Borage oil, extracted from the seeds of the borage plant, is nature's richest source of gamma-linolenic-acid (GLA), a unique omega-6 fatty acid. Very little GLA is consumed in the diet, found only in a few plant-specific oils. GLA is known for a variety of health-supportive properties, including lipid metabolism and the maintenance of skin health. It is an important precursor of prostaglandin E1, a compound that supports blood flow and vascular health. GLA promotes healthy immune mediator activity in tissues and maintains healthy arachidonic acid metabolism, actions that provide potential support for joint comfort and skin health. Gamma-linolenic-acid also appears to play an important role in nerve health.

In addition, research has indicated that GLA can help prevent weight regain after weight loss, which is a big concern for people undergoing weight loss. The precise mechanism by which GLA suppresses weight regain needs to be determined but is most likely due to increased arachidonate (ARA) production and incorporation into tissue lipid pools. Potential pathways through which ARA might influence cellular disposition of dietary fuel are many and include improved peripheral glucose disposal via enhanced insulin sensitivity, downregulation of lipogenesis, upregulation of lipid oxidation, and increased leptin secretion. There is also the possibility that the mechanism of action of GLA on weight change involves its immediate elongation product, DGLA, which also increased significantly in adipose due to GLA supplementation.

Research

  • Studies in animals and humans have indicated that long-chain omega 3 polyunsaturated fatty acids potentially elicit a number of effects which might be useful for reducing obesity, including suppression of appetite, improvements in circulation which might facilitate nutrient delivery to skeletal muscle and changes in gene expression which shift metabolism toward increased accretion of lean tissue, enhanced fat oxidation and energy expenditure and reduced fat deposition.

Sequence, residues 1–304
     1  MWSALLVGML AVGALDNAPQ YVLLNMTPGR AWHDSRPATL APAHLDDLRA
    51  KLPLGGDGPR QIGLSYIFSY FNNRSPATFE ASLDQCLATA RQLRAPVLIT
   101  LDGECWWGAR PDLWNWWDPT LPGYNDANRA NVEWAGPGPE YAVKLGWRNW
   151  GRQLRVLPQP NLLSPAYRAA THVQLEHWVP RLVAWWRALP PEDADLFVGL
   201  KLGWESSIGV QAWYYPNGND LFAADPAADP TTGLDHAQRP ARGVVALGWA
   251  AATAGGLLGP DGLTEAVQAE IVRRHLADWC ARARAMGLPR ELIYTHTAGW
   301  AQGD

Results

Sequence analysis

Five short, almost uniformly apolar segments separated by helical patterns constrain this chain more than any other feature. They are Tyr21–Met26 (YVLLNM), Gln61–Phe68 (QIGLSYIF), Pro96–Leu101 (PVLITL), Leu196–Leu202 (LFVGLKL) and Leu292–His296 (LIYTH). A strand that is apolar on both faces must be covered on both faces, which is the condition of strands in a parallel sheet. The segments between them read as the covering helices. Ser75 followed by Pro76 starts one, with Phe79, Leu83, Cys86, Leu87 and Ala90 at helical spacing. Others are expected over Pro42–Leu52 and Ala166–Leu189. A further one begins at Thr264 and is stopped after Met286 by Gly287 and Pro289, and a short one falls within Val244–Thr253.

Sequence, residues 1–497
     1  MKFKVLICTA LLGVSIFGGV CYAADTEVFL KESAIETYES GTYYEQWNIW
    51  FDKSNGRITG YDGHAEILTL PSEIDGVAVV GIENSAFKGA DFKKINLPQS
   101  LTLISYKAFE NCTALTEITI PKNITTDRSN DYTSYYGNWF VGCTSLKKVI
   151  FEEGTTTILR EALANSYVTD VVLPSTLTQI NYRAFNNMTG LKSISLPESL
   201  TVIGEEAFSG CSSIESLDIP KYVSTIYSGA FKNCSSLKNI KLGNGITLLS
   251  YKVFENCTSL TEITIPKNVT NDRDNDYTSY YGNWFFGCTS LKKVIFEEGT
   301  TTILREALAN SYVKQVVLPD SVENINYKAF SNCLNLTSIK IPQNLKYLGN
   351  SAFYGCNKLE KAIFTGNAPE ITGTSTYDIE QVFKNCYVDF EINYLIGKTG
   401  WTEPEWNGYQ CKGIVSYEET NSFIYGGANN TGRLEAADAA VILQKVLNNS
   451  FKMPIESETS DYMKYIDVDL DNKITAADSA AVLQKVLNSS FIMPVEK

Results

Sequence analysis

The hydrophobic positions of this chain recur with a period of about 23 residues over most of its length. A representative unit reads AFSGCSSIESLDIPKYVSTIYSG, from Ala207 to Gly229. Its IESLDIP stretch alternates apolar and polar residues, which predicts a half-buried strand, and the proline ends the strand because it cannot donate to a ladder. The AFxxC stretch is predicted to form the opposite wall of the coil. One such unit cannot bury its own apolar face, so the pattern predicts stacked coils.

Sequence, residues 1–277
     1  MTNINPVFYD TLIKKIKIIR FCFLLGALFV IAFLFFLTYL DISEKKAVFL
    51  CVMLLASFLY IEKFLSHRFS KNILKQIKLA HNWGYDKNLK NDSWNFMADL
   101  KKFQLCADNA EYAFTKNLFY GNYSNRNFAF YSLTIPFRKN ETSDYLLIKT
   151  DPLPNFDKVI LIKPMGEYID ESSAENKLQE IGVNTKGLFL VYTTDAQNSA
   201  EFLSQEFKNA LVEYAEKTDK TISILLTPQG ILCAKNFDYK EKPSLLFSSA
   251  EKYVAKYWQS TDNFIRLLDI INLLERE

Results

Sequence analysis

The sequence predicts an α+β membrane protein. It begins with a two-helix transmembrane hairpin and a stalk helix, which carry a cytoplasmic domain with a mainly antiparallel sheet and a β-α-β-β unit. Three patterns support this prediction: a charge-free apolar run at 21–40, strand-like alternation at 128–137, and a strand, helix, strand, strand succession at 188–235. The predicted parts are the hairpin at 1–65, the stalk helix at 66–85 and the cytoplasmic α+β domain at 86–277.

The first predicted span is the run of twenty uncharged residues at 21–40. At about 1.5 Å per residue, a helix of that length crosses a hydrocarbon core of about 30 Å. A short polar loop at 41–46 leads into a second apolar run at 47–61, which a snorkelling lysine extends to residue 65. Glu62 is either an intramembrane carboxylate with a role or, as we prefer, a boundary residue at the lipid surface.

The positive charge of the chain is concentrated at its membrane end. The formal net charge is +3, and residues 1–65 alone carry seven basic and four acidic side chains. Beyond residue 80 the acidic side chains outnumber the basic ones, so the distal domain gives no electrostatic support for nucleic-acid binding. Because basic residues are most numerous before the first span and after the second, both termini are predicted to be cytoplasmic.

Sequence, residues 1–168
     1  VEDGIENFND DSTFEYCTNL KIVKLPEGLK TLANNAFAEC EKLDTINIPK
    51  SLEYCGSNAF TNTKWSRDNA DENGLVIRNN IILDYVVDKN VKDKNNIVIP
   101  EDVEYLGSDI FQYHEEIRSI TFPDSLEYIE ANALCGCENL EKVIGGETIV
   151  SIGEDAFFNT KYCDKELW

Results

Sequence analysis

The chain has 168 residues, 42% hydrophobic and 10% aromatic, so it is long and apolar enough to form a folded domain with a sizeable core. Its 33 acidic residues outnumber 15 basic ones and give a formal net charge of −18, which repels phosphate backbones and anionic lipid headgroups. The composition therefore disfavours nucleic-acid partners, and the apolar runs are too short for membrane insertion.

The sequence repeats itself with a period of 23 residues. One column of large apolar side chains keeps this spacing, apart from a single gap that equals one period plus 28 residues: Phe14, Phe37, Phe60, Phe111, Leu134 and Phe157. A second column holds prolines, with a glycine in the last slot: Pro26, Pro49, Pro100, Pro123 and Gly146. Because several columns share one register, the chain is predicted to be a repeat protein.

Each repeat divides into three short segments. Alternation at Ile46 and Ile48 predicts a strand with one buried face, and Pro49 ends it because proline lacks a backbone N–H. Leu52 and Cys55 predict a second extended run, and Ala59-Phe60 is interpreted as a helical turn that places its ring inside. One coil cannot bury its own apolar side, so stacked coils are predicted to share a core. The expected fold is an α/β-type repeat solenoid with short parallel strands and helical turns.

• A study showed that fish oil supplements and regular exercise both reduce body fat and improve cardiovascular and metabolic health. It was concluded that increasing intake of Omega 3 fatty acids could be a useful adjunct to exercise programs aimed at improving body composition and decreasing CVD risk.
  • In a preliminary human study involving 60 overweight subjects, conjugated linoleic acid supported healthy body fat mass. Several animal studies explore possible mechanisms of CLA, including the ability to maintain healthy fat deposition, promote lipolysis in adipocytes, moderate energy intake, and maintain healthy energy expenditure and metabolic rate.
  • In a randomized, placebo-controlled trial, 45 formerly obese women and men were randomly assigned to treatment with GLA in the form of borage oil or to a control group given olive oil with the following results:
  • Weight regain--After the first year, the GLA group’s body weight did not change, whereas the control group gained weight. Between 15 and 33 months, when all subjects were receiving GLA, the weight regains did not differ between the GLA-GLA and Control-GLA groups.
  • Fat regain--During the first year, fat weight did not change in the GLA group, whereas fat weight increased in the control group. Fat re-gain between 15 and 33 months was similar in the GLA-GLA and Control-GLA groups.

References

  1. Janovska, P., P. Flachs, L. Kazdova, and J. Kopecks. "Anti-Obesity Effect of N-3 Polyunsaturated Fatty Acids in Mice Fed High-Fat Diet Is Independent of Cold-Induced Thermogenesis." Physiological Research 62 (2012): 153-61.
  2. Wauquier, Fabien, Valentin Barquissau, Laurent Léotoing, Marie-Jeanne Davicco, Patrice Lebecque, Sylvie Mercier, Claire Philippe, Elisabeth Miot-Noirault, Jean-Michel Chardigny, Béatrice Morio, Yohann Wittrant, and Véronique Coxam. "Borage and Fish Oils Lifelong Supplementation Decreases Inflammation and Improves Bone Health in a Murine Model of Senile Osteoporosis." Bone 50.2 (2012): 553-61.